I think that Americans, of all the nationalities, most profoundly believe in luck. We began as a nation by gambling on the future of a continent. Most of our great industrial pioneers have been inspired gamblers. We are the three-card monte men of the world. We have roulette wheels spinning in our brains, and anything is likely to turn up.
--William Rose Benet
Luck in Our
In a New York Times review of new television game shows, Alessandra Stanley opens her article with the following assertion:
Game shows are not quiz shows. That should be understood at the outset, because knowledge is not an American virtue; luck is.
Television both reflects our culture and shapes it. Today's game shows give us a glimpse into our own relationship with luck. We watch others test their luck to see how tolerant we would be as luck gets pushed again and again. Game shows are popular staples of radio and television, but we can dial back a few centuries, way before television, and catch the beginning of America's delight in playing with luck.
America's Brand of Luck
American luck began with Native American culture, thriving thousands of years before the first English settlers came to eastern shores. Since then, American luck has been shaped by waves of Western European immigration and the influence of Africans who came as slaves, as well as by people with diverse cultures from around the world who have come to live in the "melting pot" of America. To catch a glimpse of American luck, we can flip through the pages of history. There are many contributors who have shaped our attitude toward luck today, but we pluck only a few of these contributions to give you a sense of how luck rules so much of our cultural heritage. While we glance through history, keep in mind the elements that contribute to a belief in luck.
Throughout American history, luck has been shaped by multicultural influences and basic human nature.
Native American Luck: Nature Rules
Native Americans are a diverse group of tribal nations that in general defy a blanket cultural definition. There are over five hundred distinct groups across the country, most of which differ in language, tribal culture, and history. However, certain broad strokes are clear: Nature and spirituality are intertwined, and a profound belief in luck is common throughout tribal cultures. Luck is spirit; there is no separation.
Luck was in many cases defined as "medicine" derived from the connection between the spirit world and the physical world. "Medicine" means mystery, sensibility, power, and influence--a connection to the spirit world. Luck was medicine that brought people together and ensured prosperity and harmony for the tribe.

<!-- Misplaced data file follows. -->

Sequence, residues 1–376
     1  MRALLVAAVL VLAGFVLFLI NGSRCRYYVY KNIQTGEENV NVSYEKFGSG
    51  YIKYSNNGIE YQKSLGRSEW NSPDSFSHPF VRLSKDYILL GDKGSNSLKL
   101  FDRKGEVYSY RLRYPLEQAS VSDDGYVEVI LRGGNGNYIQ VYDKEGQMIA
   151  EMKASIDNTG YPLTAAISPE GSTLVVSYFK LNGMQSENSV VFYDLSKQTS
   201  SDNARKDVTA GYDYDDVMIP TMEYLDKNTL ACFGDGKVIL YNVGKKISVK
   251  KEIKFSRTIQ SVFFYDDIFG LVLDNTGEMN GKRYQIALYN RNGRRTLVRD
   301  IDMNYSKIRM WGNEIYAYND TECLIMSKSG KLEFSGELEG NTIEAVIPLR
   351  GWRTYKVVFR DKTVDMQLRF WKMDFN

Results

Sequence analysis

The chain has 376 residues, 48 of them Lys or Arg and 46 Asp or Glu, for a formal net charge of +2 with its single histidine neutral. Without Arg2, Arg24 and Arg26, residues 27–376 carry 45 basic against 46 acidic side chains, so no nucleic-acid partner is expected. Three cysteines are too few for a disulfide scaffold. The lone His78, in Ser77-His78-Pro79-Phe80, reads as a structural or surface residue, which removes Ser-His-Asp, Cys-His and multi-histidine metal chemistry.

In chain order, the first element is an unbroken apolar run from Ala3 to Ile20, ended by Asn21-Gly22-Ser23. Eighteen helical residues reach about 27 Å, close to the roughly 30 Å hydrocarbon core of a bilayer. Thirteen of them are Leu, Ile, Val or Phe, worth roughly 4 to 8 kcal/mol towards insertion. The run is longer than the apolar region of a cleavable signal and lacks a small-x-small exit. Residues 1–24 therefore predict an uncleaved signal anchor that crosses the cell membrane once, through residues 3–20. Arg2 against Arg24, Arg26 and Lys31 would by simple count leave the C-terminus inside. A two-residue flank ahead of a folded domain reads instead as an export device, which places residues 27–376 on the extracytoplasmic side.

The medicine man (who can also be a woman) is something of a holy person who is designated as such by the tribe. He or she typically apprentices with an elder to learn by oral tradition and hands-on experience. The gift of medicine, however, is also found among other tribe members. He or she is a person who understands nature and messages of the spirit world.
Professor Kathryn Shanley (Assiniboine/Nakota), chair of the Department of Native American Studies at the University of Montana, asserts that in twentieth-century Plains Indian literature, luck appears as "a metaphysical concept; roughly described, it is a 'portal' to the spiritual realm where power--better termed 'medicine'--can be obtained."
All tribe members could be given medicine in dreams. Luck was tied to omens that came in strong dream scenarios that were shared among the tribe. Members would acquire names and positions from their dream scenarios. Sometimes dreams were induced by herbs or by spiritual journeys in coming-of-age rituals. It was so important to have medicine dreams that luck would actually turn for the better after someone had a medicine dream.
Medicine was--and still is--administered through herbs, rituals, and songs. You can find Native American gambling songs, gaming songs, and even something called "Geronimo's Medicine Song" on the Internet. Chanting and the power of word and sound is a way to attract luck and strong medicine.
MEDICINE IN NATURE
For the Sioux, Zuni, and Dakota tribes, the number 4 was sacred. Four was a number that held the power of the universe, the seasons, the four directions--and the nature of good luck.
Various good-luck symbols in Native American culture included rain clouds, raindrops, and buffalo. A fence symbol guarded good luck, and a mountain symbol stood for abundance. The herbs avens and fuzzy weed were used by Native Americans for luck in love, meadow rue for protection, and yellow evening primrose for luck in hunting. Sagebrush was and is still used to drive away negative forces so that good influences can thrive.
Excerpted from Luck by Barrie Dolnick and Anthony H. Davidson. Copyright © 2007 by Barrie Dolnick. Excerpted by permission of Harmony, a division of Random House, Inc. All rights reserved. No part of this excerpt may be reproduced or reprinted without permission in writing from the publisher.